The potential is vast, going by global trends. In major cities across the world, such as New York, serviced offices account for 10% of the total office space available, while in India, the serviced office inventory would amount to about 0.1%, said Meenal Sinha, India general manager of Australia-based Servcorp.
With the global downturn showing signs of ending, Vanita Bhandari, executive director of DBS Business Centers India, expects 80% occupancy by the end of 2010. However, UK-based firm Avanta that came into India last year may shut its Mumbai centres.
“We are in talks with the developers and if nothing works out, as a last option we may shut down the two centres in Mumbai,” said Amit Bansal, director, sales and marketing, Avanta India. “However, the centres in Delhi and other places would continue.”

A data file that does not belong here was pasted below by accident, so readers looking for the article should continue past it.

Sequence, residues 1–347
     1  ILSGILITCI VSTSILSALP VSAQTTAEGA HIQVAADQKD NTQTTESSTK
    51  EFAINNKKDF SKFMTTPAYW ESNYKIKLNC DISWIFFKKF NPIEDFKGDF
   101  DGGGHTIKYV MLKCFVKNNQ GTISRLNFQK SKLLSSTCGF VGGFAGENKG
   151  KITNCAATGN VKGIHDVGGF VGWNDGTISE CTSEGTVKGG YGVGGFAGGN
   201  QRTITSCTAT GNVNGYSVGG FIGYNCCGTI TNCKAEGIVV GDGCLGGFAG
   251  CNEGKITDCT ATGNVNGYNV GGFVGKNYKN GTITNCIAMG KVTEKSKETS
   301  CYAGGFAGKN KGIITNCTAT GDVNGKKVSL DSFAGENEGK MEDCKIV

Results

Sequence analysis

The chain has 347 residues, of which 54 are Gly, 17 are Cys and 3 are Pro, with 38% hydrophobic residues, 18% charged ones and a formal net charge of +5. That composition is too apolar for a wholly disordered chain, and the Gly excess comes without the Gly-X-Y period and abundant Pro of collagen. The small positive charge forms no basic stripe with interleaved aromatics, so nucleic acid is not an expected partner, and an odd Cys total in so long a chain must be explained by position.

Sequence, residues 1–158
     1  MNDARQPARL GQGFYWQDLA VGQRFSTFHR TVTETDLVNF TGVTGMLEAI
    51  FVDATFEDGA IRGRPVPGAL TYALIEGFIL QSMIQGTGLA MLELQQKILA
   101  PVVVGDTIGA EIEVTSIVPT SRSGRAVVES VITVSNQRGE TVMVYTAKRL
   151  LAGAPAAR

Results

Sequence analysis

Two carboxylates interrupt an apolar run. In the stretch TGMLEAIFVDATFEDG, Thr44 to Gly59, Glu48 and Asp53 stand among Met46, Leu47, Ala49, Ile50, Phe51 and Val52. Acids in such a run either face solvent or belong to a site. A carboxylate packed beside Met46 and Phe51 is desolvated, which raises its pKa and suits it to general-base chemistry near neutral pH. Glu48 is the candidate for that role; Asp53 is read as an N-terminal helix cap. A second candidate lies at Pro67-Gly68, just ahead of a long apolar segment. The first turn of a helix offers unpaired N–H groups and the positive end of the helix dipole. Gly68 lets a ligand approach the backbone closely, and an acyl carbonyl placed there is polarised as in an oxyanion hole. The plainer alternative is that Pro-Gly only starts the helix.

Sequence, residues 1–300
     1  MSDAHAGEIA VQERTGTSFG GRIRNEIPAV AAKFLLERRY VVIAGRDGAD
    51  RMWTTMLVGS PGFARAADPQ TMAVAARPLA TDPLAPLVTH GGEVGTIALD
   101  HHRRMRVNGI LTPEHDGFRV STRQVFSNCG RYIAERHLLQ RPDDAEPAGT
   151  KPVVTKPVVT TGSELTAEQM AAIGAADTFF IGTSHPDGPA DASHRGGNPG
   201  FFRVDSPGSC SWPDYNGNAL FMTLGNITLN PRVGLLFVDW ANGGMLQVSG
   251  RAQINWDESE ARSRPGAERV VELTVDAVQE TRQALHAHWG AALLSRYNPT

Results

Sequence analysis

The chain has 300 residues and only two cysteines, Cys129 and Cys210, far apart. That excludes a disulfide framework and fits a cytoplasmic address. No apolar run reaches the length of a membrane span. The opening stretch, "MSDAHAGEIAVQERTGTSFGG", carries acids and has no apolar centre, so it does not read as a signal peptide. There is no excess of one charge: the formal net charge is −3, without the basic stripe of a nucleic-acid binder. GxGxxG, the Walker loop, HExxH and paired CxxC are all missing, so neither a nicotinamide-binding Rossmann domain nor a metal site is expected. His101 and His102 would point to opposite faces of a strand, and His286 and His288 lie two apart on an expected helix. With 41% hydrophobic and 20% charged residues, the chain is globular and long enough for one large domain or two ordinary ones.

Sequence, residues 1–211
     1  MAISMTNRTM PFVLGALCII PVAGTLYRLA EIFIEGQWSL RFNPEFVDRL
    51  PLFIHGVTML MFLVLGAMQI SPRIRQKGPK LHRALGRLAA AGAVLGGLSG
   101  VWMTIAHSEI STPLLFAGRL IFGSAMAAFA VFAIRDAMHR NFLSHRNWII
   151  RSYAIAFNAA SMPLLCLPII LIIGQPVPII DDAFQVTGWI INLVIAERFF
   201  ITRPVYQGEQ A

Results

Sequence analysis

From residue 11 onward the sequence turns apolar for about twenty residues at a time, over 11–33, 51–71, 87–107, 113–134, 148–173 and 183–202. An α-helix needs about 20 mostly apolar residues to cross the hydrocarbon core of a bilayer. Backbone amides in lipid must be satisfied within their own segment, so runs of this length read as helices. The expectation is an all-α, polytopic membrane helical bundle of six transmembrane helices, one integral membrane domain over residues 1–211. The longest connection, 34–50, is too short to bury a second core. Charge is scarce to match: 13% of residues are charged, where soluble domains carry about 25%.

Mumbai is turning out to be costly for Avanta, which entered the market when the real estate sector was booming. “It doesn’t make sense to carry forward losses in your books, sometimes you need to make a practical decision,” said Bansal.
The business centres are now considering smaller cities where five-star hotels may not be present.
“We are looking at tier II cities but it hasn’t happened as last year we dropped the idea waiting for everything to stabilize,” said Bhandari of DBS Business Centers. “It could be in the pipeline from next year onwards.”
There’s sustained demand for such centres in cities such as New Delhi and Chennai as well. Regus, which has around six centres in New Delhi, plans a couple more. Chennai has seen steady demand for about six months. “We are regularly maintaining a high occupancy level of 90% in Chennai which is a true barometer of regular demand,” said Thakur.
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First Published: Mon, Oct 19 2009. 08 47 PM IST